Is it cheaper to get knee surgery at NewYork-Presbyterian Brooklyn Methodist Hospital or at the Hospital for Special Surgery in Manhattan?

Mr. Cuomo wants the state to create a website called NYHealthcareCompare, which would list the cost of procedures at every hospital in the state. He said such a site would “increase competition in the marketplace” and drive down prices.

Paid surrogacy is allowed in nearly every state, but not New York. Mr. Cuomo wants to lift that ban. Last year, legislation on paid surrogacy passed the State Senate but stalled in the Assembly, where the Democratic leader said he was concerned the process could be “commercialized.”

To enjoy the movie “Cats,” it may help to have a beer or three. Currently, only theaters with full kitchens and tables inside their screening rooms can serve alcohol. Mr. Cuomo said that changing the law would help the businesses, which are facing increased competition from streaming services. (After all, in a living room, people can drink whatever they want.)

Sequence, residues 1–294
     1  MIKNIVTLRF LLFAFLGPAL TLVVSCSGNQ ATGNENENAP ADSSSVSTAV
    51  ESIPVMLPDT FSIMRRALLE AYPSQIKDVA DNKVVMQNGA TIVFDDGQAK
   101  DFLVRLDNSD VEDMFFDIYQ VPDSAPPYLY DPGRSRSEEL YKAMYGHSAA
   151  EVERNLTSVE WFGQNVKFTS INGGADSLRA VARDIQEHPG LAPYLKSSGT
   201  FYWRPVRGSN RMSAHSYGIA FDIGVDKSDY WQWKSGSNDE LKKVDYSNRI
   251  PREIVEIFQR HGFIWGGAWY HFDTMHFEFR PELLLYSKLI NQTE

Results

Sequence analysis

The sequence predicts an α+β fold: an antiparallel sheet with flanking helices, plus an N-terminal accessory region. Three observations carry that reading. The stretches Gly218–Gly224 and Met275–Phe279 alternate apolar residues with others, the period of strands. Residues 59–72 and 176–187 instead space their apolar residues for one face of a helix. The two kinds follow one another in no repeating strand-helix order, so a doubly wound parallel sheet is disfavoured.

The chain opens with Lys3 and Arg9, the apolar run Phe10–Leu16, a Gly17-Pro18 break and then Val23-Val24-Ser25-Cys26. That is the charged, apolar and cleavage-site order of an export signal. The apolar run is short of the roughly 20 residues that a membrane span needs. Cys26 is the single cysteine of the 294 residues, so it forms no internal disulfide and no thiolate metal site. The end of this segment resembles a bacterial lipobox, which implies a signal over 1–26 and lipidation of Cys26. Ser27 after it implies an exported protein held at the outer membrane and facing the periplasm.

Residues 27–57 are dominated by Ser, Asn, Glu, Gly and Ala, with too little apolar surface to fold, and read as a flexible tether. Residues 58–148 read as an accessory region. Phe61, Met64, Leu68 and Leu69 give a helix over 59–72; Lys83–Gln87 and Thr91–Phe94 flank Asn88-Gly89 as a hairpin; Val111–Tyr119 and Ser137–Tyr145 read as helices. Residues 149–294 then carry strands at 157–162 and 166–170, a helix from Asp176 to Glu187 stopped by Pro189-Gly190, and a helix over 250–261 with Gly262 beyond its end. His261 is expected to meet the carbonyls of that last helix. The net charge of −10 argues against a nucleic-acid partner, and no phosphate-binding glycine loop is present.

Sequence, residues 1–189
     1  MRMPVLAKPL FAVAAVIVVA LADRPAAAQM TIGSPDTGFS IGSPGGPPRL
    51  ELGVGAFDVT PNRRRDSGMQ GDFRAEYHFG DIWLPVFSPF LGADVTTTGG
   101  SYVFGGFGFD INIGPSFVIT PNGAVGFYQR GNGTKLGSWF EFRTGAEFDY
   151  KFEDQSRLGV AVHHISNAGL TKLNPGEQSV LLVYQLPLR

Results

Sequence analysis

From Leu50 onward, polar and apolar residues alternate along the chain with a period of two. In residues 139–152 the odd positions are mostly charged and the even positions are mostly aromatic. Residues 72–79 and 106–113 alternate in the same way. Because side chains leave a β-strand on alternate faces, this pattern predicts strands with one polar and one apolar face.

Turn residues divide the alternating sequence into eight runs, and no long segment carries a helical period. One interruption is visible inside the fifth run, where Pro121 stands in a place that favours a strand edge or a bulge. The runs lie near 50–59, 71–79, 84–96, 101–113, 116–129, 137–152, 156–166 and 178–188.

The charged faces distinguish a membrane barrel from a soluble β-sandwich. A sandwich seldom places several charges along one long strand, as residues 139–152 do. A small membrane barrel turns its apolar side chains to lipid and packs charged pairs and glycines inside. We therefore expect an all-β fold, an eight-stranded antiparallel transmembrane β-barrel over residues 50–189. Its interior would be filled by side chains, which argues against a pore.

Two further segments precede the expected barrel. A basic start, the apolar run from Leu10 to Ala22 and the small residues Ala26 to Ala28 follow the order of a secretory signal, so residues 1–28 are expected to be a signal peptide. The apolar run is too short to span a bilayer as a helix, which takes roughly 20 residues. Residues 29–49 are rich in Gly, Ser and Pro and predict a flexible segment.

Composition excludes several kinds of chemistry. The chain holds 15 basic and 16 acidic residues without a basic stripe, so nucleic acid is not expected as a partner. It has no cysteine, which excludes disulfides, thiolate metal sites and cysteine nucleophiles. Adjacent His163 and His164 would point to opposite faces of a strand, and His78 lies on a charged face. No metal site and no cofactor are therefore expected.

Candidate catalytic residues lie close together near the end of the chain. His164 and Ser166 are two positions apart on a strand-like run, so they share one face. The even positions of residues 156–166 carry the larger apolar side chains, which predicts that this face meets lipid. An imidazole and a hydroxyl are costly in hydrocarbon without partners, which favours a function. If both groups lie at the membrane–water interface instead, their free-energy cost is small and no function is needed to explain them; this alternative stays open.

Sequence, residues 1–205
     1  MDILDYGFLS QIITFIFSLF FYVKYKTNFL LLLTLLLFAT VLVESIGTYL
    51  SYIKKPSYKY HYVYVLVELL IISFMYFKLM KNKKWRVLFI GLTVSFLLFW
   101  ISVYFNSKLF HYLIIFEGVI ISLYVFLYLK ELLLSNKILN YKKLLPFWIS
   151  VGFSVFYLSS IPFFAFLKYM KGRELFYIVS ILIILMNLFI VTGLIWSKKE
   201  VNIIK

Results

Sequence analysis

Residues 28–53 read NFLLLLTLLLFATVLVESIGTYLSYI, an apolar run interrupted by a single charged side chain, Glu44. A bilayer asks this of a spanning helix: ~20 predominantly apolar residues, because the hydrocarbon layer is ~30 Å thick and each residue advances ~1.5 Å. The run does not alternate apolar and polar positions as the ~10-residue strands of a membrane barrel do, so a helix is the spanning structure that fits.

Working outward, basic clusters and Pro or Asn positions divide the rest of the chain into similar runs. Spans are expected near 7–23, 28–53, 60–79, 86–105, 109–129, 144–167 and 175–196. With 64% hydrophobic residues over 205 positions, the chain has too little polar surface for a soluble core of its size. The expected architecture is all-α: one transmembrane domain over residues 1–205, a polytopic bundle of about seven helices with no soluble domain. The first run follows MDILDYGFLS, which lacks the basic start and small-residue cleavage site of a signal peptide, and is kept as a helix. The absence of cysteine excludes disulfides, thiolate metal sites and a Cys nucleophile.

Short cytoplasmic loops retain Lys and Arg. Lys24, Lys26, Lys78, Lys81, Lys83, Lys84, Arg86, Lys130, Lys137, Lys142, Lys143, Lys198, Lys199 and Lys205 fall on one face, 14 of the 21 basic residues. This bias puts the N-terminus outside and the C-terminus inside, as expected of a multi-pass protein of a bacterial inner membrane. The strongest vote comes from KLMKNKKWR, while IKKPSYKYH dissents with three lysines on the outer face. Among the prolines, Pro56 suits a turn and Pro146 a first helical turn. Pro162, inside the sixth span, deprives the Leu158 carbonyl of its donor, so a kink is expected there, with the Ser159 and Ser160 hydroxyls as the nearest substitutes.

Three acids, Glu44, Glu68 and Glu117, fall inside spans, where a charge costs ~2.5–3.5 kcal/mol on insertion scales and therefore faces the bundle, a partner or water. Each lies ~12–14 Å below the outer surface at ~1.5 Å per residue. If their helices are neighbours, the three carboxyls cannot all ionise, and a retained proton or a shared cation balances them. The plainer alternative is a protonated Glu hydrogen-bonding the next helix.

The money would be used to create an indoor “skydome” to test drone technology, the governor said. The proposed site is an unoccupied hangar at Griffiss International Airport, upstate in Oneida County.

Pennsylvania Station has 21 tracks and is the busiest rail station in the Western Hemisphere. Mr. Cuomo wants to add eight tracks, bringing about 175,000 more riders into the station. (It already gets 650,000 daily travelers.)

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But expanding capacity does not address another infrastructure problem: the need to replace the aging tunnels under the Hudson River that carry New Jersey Transit trains to and from New York.